As much as they tried, opponents of relativity never came close to representing the official Soviet view. For that view, one has to look at much more authoritative and highly placed authors such as Fock, S. I. Vavilov (president of the USSR Academy of Sciences), and their allies among philosophers. Their position during the years of Stalin’s rule can be summarized roughly as follows: Einstein, though personally no Marxist, helped with his great science to reveal the objective dialectics of nature and thus contributed to the progress of the dialectico-materialist worldview. For Vavilov, this line of argument was probably a rhetorical device, but Fock took very seriously the matter of developing the correct Marxist interpretation of relativity. His views on the topic are worthy of a special investigation. They apparently formed the basis of Fock’s original approach to general relativity, which led to some of the theory’s major mathematical advances, including the solution of the equation of motion for finite bodies.
Vucinich further discusses the shift of the dominant ideological attitudes in the mid-1950s, after Einstein’s and Stalin’s deaths, to the almost unreserved veneration of the great scientist. To my knowledge, Russian became the first language in which Einstein’s collected works were published. They appeared in four volumes in the 1960s, followed by a series of annual Einsteinian collections containing historical and physical commentary. Not that critics like Maksimov suddenly disappeared—a theory with such profound philosophical consequences continued and continues to generate some simmering opposition—but their views were not getting into print, even when argued from the position of Marxist ideology. Instead, the official philosophers proclaimed a perfect agreement between dialectical materialism and Einstein’s relativity, while in actual practice they were adapting Marxist philosophy of nature to modern science, rather than the reverse. To the extent that Einstein was protected from criticism and received only praise, respectful commentary, and quotations of his work, he effectively became a part of the Soviet ideology.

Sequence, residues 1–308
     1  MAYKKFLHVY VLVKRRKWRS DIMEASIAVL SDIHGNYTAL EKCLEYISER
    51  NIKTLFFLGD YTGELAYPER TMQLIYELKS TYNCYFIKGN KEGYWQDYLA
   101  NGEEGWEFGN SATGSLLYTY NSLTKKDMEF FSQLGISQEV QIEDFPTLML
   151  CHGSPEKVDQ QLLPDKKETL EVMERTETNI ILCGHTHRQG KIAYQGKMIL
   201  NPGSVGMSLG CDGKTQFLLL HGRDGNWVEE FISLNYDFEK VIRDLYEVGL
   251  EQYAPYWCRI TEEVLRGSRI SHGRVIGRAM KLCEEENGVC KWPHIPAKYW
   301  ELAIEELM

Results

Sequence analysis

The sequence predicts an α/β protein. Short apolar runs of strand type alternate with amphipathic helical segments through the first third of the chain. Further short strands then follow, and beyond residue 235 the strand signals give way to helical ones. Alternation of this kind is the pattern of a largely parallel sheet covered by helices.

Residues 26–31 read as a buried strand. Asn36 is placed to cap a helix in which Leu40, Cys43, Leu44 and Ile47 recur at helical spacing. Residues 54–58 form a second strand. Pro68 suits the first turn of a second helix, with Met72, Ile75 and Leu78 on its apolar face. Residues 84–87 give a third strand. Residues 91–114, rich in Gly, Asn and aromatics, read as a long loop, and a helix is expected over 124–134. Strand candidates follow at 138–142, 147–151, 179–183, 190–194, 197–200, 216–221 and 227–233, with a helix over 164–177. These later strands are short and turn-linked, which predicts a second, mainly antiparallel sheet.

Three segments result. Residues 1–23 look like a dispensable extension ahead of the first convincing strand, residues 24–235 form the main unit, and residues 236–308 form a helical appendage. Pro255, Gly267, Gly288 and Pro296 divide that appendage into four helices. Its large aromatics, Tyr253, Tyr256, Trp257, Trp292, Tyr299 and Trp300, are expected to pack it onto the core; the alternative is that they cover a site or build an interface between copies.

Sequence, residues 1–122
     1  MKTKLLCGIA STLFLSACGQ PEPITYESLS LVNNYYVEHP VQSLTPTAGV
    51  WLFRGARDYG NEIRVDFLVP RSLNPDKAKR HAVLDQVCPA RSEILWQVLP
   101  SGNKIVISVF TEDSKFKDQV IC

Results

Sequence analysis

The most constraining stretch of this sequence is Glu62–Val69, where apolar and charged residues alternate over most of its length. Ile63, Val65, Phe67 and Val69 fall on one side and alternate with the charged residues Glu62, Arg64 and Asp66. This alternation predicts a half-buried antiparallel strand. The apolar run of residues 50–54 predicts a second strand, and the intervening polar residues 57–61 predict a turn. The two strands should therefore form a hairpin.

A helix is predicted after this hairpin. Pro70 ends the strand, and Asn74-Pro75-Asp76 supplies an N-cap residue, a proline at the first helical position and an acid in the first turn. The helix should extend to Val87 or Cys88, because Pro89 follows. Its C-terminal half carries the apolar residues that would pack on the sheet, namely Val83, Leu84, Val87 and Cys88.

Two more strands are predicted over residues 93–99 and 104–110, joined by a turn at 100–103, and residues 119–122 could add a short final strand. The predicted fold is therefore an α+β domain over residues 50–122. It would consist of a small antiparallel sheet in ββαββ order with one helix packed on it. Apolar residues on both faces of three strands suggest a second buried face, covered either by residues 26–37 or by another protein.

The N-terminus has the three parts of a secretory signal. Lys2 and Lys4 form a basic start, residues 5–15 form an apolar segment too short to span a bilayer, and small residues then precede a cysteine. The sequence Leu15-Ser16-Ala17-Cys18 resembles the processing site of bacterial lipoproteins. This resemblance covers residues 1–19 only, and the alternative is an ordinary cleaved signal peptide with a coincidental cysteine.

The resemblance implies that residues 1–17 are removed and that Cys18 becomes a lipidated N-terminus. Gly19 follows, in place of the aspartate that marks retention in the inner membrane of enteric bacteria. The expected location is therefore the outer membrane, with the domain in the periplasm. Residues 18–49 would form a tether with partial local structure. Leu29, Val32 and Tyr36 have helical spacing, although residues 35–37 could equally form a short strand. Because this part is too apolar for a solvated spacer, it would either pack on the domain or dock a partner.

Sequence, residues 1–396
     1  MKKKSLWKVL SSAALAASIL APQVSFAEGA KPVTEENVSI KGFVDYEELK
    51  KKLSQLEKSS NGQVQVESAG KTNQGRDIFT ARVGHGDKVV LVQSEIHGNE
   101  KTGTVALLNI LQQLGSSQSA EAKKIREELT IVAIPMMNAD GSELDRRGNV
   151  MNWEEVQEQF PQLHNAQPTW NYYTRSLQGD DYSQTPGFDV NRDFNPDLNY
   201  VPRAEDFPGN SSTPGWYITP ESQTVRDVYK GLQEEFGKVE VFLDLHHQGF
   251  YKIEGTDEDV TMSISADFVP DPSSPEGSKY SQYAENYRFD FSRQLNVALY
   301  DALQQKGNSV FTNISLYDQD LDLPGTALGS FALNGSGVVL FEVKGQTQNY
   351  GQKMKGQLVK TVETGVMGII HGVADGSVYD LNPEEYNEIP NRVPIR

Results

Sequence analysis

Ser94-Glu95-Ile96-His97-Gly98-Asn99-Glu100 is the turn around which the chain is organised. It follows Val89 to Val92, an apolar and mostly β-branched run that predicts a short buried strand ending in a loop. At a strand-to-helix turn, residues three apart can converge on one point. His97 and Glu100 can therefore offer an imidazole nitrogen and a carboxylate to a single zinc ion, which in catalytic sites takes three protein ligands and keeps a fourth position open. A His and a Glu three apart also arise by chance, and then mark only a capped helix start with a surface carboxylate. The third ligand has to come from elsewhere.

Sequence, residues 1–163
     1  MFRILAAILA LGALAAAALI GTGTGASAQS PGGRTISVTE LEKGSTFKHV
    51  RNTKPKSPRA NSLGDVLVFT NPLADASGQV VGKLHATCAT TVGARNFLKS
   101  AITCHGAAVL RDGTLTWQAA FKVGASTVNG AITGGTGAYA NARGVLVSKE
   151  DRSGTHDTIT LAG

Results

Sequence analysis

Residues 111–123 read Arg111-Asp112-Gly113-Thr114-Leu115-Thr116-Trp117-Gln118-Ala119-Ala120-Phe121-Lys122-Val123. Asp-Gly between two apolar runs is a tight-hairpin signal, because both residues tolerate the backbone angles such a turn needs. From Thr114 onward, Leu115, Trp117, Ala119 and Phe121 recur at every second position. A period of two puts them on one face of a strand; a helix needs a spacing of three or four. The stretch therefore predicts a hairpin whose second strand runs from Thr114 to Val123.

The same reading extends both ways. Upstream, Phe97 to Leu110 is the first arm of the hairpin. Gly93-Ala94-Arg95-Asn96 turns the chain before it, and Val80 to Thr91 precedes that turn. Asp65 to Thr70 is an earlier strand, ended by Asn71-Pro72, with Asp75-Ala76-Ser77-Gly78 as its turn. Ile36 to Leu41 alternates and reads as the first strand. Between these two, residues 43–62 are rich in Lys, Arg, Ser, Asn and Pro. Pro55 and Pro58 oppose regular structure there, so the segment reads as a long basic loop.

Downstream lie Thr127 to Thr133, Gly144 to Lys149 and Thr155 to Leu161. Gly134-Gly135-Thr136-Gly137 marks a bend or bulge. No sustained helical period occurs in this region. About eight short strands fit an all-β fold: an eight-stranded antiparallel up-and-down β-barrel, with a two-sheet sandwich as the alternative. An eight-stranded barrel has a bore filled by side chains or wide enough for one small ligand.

The big change came with Mikhail Gorbachev’s perestroika. The new freedom of the press permitted Einstein’s detractors to publish their views. At the same time, the collapsing Communist regime began to be accused not only of its real past crimes, but of virtually all bad things, including opposition to Einstein’s relativity. In the new ideological climate, it became almost impossible to see or say that such good scientists as Vavilov and Fock had formulated the official Soviet position on Einstein; their role, according to the conceptual logic of anticommunism, could only be conceived as resisting the evil regime. On the other hand, the motley band of critics of Einstein were retrospectively assigned bogeyman status, as representatives of the “official Stalinist orthodoxy,” despite their actual relatively minor roles in Soviet society.
The story was thus recast in the familiar terms of evil ideology oppressing good science, an idiom so appealing and so often repeated that it generates strong belief, despite all the contradictory factual evidence. Even Vucinich, otherwise a critical and thoughtful scholar, was partially taken in by this powerful myth and accepted it as the main interpretive frame for his book. Fortunately, his study also contains a wealth of other information about Soviet scientists’ actual contributions, including perhaps the greatest development ever added to Einstein’s general theory of relativity—A. A. Friedmann’s concept of the nonstationary universe and its path to receiving general recognition as the foundation of modern cosmology. There, in the works of Fock, Friedmann, and Vavilov, rather than in those of a few marginal opponents, one finds the really important Soviet engagement with Einstein’s physics and philosophy.
Alexei Kojevnikov, of the University of Georgia, is the author of many articles on the history of modern physics, including contributions to the Soviet Einsteinian Collection series. Selections from that collection recently appeared in English as Einstein Studies in Russia, Yuri Balashov and Vladimir Vizgin, eds. (Birkhäuser, 2002). After this review was written, he learned with great sadness of the death of Alexander Vucinich on 25 May 2002, and extends his sympathy to the family. This is a terrible loss to all who study the history of Russian science.